Singer brings unpretentious style to Arden
Martyn Joseph returns after a decade away
Saturday, Mar 22, 2014 06:00 am
Friday, March 28 at 7:30 p.m.
5 St. Anne St.
Tickets: $32 Call 780-459-1542 or online at ticketmaster.ca
Welsh singer-songwriter Martyn Joseph is one of those singular individuals who could be equally at ease dressed in a tux meeting the Queen as sitting in a gritty bar sipping a beer with a couple of fellas he just met.
A man of few pretensions, he ignores trends and instead uses his gift to rouse people across the world into displaying compassion toward the helpless and maltreated.
It’s been a decade since the unpretentious singer performed at the Arden Theatre. But on Friday, March 28 he returns, slinging his lone guitar on a six-week tour of Canada and the United States.
People enjoy drawing comparisons between Joseph’s singing style and John Mayer’s or Bruce Cockburn’s. But it’s Bruce Springsteen, the blue-collar rocker, with whom Joseph feels the most kinship.
“I love his music. I love the man. Probably of any artist, when I have my moments of doubt, he was the artist I reached out to,” Joseph said.
Joseph’s latest album, Tires Rushing By In the Rain, features a track list of 17 Springsteen songs. In fact, the title is borrowed from the rocker’s The Promise, a tune that Joseph first heard on TV.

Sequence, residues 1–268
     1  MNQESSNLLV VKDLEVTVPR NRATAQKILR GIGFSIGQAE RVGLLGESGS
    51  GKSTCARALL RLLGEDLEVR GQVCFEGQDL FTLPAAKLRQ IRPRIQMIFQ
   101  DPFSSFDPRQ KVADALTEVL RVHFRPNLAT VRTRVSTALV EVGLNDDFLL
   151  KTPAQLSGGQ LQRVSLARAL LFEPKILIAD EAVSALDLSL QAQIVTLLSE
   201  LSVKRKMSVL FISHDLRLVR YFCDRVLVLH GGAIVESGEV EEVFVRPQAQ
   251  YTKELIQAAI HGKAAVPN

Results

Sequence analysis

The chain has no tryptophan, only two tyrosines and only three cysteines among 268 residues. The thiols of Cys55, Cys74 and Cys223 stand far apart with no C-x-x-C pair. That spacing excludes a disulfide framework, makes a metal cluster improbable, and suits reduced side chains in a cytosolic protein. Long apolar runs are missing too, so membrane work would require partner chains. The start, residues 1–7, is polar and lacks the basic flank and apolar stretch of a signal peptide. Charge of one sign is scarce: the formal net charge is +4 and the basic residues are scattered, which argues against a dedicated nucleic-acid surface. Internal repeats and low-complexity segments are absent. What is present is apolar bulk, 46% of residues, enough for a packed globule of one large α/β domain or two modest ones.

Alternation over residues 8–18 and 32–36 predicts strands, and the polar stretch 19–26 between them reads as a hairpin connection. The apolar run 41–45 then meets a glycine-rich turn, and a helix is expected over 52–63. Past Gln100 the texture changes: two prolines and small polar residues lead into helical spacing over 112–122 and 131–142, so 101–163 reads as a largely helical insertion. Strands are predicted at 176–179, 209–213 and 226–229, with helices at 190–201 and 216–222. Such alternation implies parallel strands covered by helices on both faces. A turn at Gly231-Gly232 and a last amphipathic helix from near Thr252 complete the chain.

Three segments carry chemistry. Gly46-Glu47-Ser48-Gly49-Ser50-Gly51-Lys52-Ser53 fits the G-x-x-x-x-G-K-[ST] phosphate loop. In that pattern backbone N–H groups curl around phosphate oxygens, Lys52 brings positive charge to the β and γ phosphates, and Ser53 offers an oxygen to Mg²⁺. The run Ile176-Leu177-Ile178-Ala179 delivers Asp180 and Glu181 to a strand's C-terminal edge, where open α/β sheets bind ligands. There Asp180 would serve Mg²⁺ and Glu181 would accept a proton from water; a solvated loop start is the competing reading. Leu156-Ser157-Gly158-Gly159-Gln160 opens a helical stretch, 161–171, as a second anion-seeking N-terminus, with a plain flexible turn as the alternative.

“It was beautiful. It was one of those songs that illuminated the journey for me and certain lines spoke to my soul.”
Springsteen’s commercially-successful albums are known for their poetic lyrics and political social sentiments in support of the American working class.
Many reviewers have dubbed Joseph’s album an homage to the great New Jersey singer. Joseph believes it’s more than a simple salute.
“I’m trying to say thank you to Bruce Springsteen in an attempt to open up his songs in a way others who may not be familiar with it will enjoy it. It’s good to come from a different angle.”
And for Joseph that means getting inside the piece of music.
“Despite his global stardom, Bruce Springsteen sings for the common man. He also enters a realm we can’t always understand, but are seeking to understand. For me that’s art – trying to make sense of the world.
“He doesn’t stand on a soapbox and that’s the best musical response. But in his last album there was a great deal of social commentary. He took a go at the banks. He went about it in a way that was real and open and honest. He measures the American dream versus the reality.”
Like a rolling stone that gathers no moss, Joseph’s 25-show circuit can be grueling at times.
“As the years go by, travelling can take it out of you. But I love it. It’s in my DNA. It’s also a wonderful opportunity to participate in social causes and see the greater good. It’s not about entertainment. It’s about a bigger calling. It’s loving my neighbour.”
These aren’t just words. In fact, within the past few weeks Joseph officially launched Let Yourself Trust, a foundation that aims to benefit global charities at the grassroots level.
“We invite people to let us know what we can do. We will concentrate on one or two projects every six months and it will continue to evolve.”
For instance, the foundation has provided musical instruments to young Palestinians living in refugee camps.
“We give the instruments to kids so they can express their frustrations in a creative way through music. And the kids give back in a beautiful way.”
Two other patrons are an African AIDS program and a donation to Seattle to purchase bicycles for people who are unable to afford them.
“It feels great,” Joseph said. “Circumstances led to the point where we can do something. I’m very enthused and excited.”